Hunkered Down Devotion

John 7:14-18 (Voice)
14 In the middle of the festival, Jesus marched directly into the temple and started to teach. 15 Some of the Jews who heard Him were amazed at Jesus’ ability, and people questioned repeatedly:
Jews: How can this man be so wise about the Hebrew Scriptures? He has never had a formal education.
Jesus: 16 I do not claim ownership of My words; they are a gift from the One who sent Me. 17 If anyone is willing to act according to His purposes and is open to hearing truth, he will know the source of My teaching. Does it come from God or from Me? 18 If a man speaks his own words, constantly quoting himself, he is after adulation. But I chase only after glory for the One who sent Me. My intention is authentic and true. You’ll find no wrong motives in Me.


If I asked you to close your eyes and make a list of Jesus’ personality traits, I don’t imagine any of you would include pride on that list.  Even so, I think we somehow still manage to underestimate and undervalue Jesus’ humility.

Our passage today is a wonderful example of what I am talking about.  Jesus, is after all, Jesus and here he exceeds and confounds exceptions not by a miracle, but rather with his ability to understand and teach the scripture.

Those listening rightly highlight that he didn’t have a formal education.  In Jesus’ day there was no such thing as elementary school, and a formal education in the way we would think of it was really only offered to the wealthy or those whose future occupation required it.  Jesus’ father was a carpenter, so he would have been trained to follow in Joseph’s footsteps.

Jesus didn’t have the advantage of years of study at the feet of learned rabbis, and yet, he was able to unlock the Hebrew scriptures and demonstrate deep understanding.  Beyond that, he was also able to transfer that knowledge to others, teaching in a way that allowed others to gain understanding as well.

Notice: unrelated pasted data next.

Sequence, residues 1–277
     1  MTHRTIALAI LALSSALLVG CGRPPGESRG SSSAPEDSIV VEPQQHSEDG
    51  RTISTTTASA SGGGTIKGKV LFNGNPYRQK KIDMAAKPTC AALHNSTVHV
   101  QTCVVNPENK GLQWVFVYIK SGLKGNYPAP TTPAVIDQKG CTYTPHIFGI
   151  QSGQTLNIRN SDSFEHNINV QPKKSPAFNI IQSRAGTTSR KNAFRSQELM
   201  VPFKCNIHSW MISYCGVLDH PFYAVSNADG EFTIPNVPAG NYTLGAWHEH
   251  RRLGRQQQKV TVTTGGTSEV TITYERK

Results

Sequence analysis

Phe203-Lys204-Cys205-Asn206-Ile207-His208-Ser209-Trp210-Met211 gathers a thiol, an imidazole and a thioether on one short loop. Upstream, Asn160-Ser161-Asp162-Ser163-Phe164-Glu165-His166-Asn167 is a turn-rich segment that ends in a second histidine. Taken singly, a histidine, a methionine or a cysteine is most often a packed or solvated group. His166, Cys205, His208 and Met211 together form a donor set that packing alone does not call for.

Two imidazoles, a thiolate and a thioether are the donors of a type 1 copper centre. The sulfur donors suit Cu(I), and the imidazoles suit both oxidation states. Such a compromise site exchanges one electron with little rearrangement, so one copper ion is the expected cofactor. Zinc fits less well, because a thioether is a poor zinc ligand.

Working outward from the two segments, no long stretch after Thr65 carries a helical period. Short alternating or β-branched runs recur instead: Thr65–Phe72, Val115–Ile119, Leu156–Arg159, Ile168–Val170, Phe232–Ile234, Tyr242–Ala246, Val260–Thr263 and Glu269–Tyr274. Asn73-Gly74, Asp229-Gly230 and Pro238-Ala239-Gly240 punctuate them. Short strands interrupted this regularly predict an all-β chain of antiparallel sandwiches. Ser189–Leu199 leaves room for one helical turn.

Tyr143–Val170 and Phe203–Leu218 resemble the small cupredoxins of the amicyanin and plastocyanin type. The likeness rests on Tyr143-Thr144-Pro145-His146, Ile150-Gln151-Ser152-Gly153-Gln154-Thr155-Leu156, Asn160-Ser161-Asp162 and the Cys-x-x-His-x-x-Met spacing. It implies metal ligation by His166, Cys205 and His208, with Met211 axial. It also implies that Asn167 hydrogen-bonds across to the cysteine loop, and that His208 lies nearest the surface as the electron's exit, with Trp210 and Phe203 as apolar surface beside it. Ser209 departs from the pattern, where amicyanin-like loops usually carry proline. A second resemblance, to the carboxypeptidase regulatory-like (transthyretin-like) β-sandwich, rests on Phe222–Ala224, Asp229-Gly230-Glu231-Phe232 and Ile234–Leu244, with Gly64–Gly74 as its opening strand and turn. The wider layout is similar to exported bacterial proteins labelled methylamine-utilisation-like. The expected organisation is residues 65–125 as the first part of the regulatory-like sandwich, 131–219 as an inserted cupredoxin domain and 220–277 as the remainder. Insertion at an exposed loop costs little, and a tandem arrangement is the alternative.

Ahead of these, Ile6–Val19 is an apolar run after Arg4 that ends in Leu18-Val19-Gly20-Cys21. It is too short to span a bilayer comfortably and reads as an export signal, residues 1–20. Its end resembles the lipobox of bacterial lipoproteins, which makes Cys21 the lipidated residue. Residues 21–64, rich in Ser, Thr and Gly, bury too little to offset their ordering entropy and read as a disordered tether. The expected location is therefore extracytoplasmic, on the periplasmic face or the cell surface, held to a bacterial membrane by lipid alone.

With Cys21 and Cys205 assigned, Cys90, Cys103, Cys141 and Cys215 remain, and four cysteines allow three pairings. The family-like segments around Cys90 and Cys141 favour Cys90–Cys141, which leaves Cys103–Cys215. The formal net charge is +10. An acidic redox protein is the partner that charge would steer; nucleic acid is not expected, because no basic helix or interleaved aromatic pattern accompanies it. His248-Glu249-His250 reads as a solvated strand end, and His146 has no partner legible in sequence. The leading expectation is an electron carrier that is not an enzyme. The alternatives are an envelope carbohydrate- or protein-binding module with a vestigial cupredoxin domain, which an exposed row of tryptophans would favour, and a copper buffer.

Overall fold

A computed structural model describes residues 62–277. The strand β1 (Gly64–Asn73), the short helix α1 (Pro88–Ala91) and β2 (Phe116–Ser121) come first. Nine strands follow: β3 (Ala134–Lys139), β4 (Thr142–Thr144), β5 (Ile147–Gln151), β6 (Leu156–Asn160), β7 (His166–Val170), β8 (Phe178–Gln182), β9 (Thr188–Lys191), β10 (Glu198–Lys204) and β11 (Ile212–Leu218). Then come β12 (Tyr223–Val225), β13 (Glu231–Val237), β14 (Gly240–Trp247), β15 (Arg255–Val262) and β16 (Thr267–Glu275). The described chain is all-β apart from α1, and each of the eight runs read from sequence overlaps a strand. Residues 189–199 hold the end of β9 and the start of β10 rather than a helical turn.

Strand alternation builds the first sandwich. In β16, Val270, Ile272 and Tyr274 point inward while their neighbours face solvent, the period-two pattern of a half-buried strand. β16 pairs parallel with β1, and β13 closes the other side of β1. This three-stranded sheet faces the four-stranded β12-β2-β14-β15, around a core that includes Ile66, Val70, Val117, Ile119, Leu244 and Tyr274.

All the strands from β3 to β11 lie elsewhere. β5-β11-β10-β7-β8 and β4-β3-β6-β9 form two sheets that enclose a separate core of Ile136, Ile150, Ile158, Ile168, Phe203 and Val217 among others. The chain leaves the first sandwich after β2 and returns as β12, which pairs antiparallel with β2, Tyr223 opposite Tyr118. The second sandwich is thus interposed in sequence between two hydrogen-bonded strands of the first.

Have you ever been around someone that was just incredibly gifted?  Whether it is in sports, or academics, or whatever area, supreme ability and giftedness often comes with a significant downside.  We see examples of this in every area of life: the arrogant athlete that acts like he doesn’t need his or her teammates; the brilliant scholar who belittles everyone whose brain doesn’t work quite as quickly; the very successful businessperson that has trampled, neglected or abused many of those that work with or for them.

In those examples above, and in the many more that all of us could recall from our own experiences, great giftedness or ability ends up being diminished or kept from reaching its full potential because of the pride that so often comes with great natural ability or giftedness.
Jesus, time and time again, shows us a different and much more excellent way.  If there has ever been a human that has walked the earth that had the justification to be proud of what they could do or to be a little arrogant because of their gifts and abilities, it is without a doubt, Jesus.

But rather than give into that impulse, in everyway and at all times, Jesus instead of building himself up, uses his gifts and abilities as a marker to point towards God the Father.  This is a witness and a challenge to all of us: if Jesus, who a man on earth was capable of things none of us can even dream of doing was able to remain humble, shouldn’t we be able to do the same?

Jesus accomplished this by not only always pointing to God the Father with his words, but with his heart and mind as well.  When Jesus says in verse 16, ‘I do not claim ownership of My words; they are a gift from the One who sent Me.’ This isn’t false modesty.  Jesus isn’t being shy, or trying to elicit even more accolades, rather he is speaking the truth that he both knows and believes.  The truth that, even for Jesus, all good gifts are not our own, but come to us from the grace and goodness of our heavenly father above.

Sharing God’s Love,
Chip                            
   
Prayer:  Lord, keep us humble.  Remind us that even our greatest strengths are not really our own, but come from you.  Help us to point to you in all that we do.  Amen.

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